Nixon, Hoover Bonded Over FBI Dark Arts, Pinups: Lewis Lapham

One night in October 1969, President Richard Nixon, Attorney General John Mitchell and counsel John Ehrlichman went over to J. Edgar Hoover’s place for a manly dinner.

(To listen to the podcast, click here.)

The Federal Bureau of Investigation chief served them drinks in his living room, its dingy walls covered with glossy photos of Hoover posing with dead movie stars.

After a meal of chili and steak, served in a dining room lit by lava lamps burbling green, purple and red, they went for after-dinner drinks to a basement decorated with posters of naughty pin-ups.

All night the president and his men lapped up Hoover’s tales of illegal FBI exploits, including secret bugging, late- night entries and black-bag jobs.

Soon, the FBI was mounting extensive operations aimed at the country’s new left. When the plan was formalized, approved by the president and presented to Hoover, he balked, fearing it would bring down the FBI.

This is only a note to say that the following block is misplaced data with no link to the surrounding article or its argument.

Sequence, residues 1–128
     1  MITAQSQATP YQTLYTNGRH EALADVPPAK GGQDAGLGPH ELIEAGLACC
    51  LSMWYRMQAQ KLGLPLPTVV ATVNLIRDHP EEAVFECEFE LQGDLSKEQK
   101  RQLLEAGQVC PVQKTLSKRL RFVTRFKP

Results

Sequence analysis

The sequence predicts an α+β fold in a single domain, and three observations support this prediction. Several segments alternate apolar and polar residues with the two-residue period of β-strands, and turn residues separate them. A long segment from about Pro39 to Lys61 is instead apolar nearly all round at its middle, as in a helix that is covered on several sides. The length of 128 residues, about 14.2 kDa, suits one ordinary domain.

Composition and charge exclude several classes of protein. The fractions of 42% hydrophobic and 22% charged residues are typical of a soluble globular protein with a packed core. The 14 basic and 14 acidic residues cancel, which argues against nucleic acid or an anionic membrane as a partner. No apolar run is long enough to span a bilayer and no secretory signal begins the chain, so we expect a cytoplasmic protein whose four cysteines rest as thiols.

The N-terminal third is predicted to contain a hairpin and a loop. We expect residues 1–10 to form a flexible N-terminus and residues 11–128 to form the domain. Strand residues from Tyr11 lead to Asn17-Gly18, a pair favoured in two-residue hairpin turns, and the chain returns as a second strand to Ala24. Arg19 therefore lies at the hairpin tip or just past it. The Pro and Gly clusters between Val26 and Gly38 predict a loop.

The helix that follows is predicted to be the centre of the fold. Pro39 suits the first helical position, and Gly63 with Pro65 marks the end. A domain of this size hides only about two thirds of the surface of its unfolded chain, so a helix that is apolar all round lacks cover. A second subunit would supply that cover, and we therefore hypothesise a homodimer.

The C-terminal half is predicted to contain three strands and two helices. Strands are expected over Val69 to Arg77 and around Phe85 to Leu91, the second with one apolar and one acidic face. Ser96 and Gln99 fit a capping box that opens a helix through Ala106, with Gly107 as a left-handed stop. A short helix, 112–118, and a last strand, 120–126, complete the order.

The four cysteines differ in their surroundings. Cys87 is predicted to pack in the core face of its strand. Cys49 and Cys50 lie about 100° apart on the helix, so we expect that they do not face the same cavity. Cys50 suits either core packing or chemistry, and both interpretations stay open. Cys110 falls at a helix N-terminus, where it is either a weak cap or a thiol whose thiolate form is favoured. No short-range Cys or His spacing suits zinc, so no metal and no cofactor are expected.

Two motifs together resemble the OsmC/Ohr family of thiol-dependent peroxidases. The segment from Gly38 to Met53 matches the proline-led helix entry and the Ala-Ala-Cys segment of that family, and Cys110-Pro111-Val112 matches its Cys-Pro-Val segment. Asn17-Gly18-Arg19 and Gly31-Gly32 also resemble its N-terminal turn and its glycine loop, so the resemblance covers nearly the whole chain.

The president then created the Plumbers, his own secret squad of burglars and wire tappers headed up by ex-FBI man G. Gordon Liddy.

I spoke with Tim Weiner, author of “Enemies: A History of the FBI,” on the following topics:

1. Invention of the FBI

2. Hoover’s Manipulations

3. Hatred of CIA

4. From Hero to Villain

5. Modern Surveillance State

To buy this book in North America, click here.

Source: Random House via Bloomberg

The cover of "Enemies: A History of the FBI" by Tim Weiner. Close

The cover of "Enemies: A History of the FBI" by Tim Weiner.

Close
Open
Source: Random House via Bloomberg

The cover of "Enemies: A History of the FBI" by Tim Weiner.

(Lewis Lapham is the founder of Lapham’s Quarterly and the former editor of Harper’s magazine. He hosts “The World in Time” interview series for Bloomberg News.)

To contact the writer on the story: Lewis Lapham in New York at lhl@laphamsquarterly.org.

To contact the editor responsible for this story: Manuela Hoelterhoff at mhoelterhoff@bloomberg.net.

Bloomberg reserves the right to remove comments but is under no obligation to do so, or to explain individual moderation decisions.

Please enable JavaScript to view the comments powered by Disqus.